FTC orders Mastercard to open debit transactions to competing payment networks

The Federal Trade Commission has ordered Mastercard to begin providing competing payment networks with the information they need to process debit card payments. In a proposed implementing measure the FTC said Mastercard violated a provision of the Dodd-Frank Act known as the Durbin Amendment by prohibiting merchants from routing transactions through alternate networks.

The action targets “tokenization”, the that underpins mobile payment apps like Pay Apple, Google Pay and Samsung Pay. When you make a debit or credit card purchase with your phone’s mobile wallet, the software replaces sensitive information, including the primary number associated with your account, with a separate set of single-use “tokens.” Mastercard and Visa say this practice prevents fraud because the tokens contain no actionable information while in transit. It’s only when they arrive at Mastercard’s or Visa’s servers, and are mapped to their original account holder, that they point to someone.

According to the FTC, Mastercard has historically blocked competing networks from accessing its token vault. This means that whenever consumers decided to pay with a mobile wallet, merchants had to route transactions through Mastercard (or Visa) and pay the company’s transaction fees, which are typically higher than those of its competitors. The Durbin Amendment asks banks to support two concurrent payment networks on all debit cards. This was a provision introduced by Congress to promote competition between networks. The FTC did not say whether it had entered into a similar agreement with Visa.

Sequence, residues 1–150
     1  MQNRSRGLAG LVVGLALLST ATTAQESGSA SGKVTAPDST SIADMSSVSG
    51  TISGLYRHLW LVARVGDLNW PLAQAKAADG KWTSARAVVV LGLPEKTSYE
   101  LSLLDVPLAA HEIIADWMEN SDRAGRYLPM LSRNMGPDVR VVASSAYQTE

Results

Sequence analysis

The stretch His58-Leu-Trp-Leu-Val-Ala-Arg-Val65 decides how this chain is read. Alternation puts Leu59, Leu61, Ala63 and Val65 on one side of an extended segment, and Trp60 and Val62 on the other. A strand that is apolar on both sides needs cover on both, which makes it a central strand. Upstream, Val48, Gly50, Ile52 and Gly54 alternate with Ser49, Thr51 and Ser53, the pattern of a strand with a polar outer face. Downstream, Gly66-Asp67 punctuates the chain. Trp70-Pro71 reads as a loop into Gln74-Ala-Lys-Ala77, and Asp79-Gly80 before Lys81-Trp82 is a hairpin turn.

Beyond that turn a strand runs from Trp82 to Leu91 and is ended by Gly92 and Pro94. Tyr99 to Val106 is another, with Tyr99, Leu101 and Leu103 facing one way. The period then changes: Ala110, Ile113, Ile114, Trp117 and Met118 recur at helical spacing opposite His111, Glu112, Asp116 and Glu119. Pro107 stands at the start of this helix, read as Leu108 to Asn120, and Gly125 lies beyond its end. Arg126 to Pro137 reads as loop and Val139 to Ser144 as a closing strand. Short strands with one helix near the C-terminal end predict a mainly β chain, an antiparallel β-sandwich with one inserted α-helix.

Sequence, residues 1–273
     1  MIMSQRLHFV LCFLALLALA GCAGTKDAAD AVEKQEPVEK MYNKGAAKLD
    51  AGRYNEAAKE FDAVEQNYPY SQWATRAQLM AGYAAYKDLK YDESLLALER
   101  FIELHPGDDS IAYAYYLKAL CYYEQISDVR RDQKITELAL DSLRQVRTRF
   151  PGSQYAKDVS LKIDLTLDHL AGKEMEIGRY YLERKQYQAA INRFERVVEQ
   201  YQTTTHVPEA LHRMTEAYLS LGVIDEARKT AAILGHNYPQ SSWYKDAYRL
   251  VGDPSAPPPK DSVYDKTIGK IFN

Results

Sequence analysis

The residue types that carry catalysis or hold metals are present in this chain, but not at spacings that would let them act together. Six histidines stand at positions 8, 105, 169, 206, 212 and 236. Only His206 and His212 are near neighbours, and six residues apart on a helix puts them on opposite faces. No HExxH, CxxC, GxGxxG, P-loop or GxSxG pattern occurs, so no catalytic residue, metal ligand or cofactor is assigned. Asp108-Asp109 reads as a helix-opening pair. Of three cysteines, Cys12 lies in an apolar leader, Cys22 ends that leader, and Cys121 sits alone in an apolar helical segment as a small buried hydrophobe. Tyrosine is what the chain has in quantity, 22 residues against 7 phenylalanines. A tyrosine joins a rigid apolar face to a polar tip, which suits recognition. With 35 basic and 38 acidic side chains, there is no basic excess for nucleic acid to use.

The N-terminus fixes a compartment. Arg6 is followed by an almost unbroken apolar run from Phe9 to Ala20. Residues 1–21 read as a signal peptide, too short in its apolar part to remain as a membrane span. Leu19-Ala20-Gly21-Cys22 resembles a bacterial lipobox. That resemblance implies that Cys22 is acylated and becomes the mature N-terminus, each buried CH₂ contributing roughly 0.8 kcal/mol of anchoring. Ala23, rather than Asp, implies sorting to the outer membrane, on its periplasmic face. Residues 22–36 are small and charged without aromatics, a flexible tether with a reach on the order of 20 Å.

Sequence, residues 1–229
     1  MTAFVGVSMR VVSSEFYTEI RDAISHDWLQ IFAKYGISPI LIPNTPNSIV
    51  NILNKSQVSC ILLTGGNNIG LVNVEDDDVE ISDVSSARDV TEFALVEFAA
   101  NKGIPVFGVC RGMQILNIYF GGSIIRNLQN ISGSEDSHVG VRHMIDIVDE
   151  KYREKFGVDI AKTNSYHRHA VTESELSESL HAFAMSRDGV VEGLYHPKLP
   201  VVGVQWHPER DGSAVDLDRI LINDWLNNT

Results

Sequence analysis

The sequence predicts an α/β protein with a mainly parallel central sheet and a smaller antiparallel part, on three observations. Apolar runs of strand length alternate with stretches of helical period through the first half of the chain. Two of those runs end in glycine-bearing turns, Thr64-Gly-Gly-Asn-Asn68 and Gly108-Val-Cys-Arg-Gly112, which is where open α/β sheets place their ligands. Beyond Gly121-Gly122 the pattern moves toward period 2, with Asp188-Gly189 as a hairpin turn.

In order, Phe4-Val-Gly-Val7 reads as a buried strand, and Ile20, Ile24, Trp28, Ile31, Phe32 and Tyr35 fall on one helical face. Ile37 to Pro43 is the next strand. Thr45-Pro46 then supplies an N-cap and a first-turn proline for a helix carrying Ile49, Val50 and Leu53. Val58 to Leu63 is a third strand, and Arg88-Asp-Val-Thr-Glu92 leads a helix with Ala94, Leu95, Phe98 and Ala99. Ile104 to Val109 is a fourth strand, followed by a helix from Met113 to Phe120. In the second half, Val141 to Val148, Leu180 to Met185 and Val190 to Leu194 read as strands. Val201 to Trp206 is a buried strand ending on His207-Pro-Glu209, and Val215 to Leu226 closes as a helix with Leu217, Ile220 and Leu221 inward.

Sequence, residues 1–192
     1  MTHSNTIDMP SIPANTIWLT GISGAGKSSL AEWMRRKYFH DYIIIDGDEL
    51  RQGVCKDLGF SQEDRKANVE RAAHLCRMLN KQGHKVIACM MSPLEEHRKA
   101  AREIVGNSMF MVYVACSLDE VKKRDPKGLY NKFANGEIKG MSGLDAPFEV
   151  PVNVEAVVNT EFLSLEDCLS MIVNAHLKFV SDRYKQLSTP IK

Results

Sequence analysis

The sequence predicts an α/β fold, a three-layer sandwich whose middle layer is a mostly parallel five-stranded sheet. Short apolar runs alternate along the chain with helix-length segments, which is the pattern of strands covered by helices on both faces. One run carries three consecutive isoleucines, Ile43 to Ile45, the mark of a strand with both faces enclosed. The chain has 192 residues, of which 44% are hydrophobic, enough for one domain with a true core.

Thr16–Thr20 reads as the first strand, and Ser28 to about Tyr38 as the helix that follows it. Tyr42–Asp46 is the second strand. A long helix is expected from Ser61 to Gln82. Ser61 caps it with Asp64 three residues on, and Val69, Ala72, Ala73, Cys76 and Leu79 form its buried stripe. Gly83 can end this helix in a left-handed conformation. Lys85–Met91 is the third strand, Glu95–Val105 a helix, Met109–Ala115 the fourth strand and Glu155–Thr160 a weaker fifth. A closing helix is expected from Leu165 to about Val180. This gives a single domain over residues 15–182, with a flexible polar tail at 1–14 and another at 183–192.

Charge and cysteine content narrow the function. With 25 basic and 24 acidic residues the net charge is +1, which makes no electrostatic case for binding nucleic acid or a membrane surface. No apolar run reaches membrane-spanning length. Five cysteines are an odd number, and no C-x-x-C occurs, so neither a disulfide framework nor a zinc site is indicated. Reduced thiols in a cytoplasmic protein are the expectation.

“While we take these steps to close this case, there is no doubt that tokenized transactions provide an increased level of protection for consumers and merchants,” said Mastercard spokesperson Seth Eisen. . “This focus on security guides our efforts in a highly competitive marketplace and inspires us to continue to invest in innovations that deliver the peace of mind everyone expects.” Eisen added that Mastercard “will continue to work to update our processes to comply with the consent order and provide even greater choice.”

The FTC plans to seek public comment before voting to finalize the order against Mastercard.

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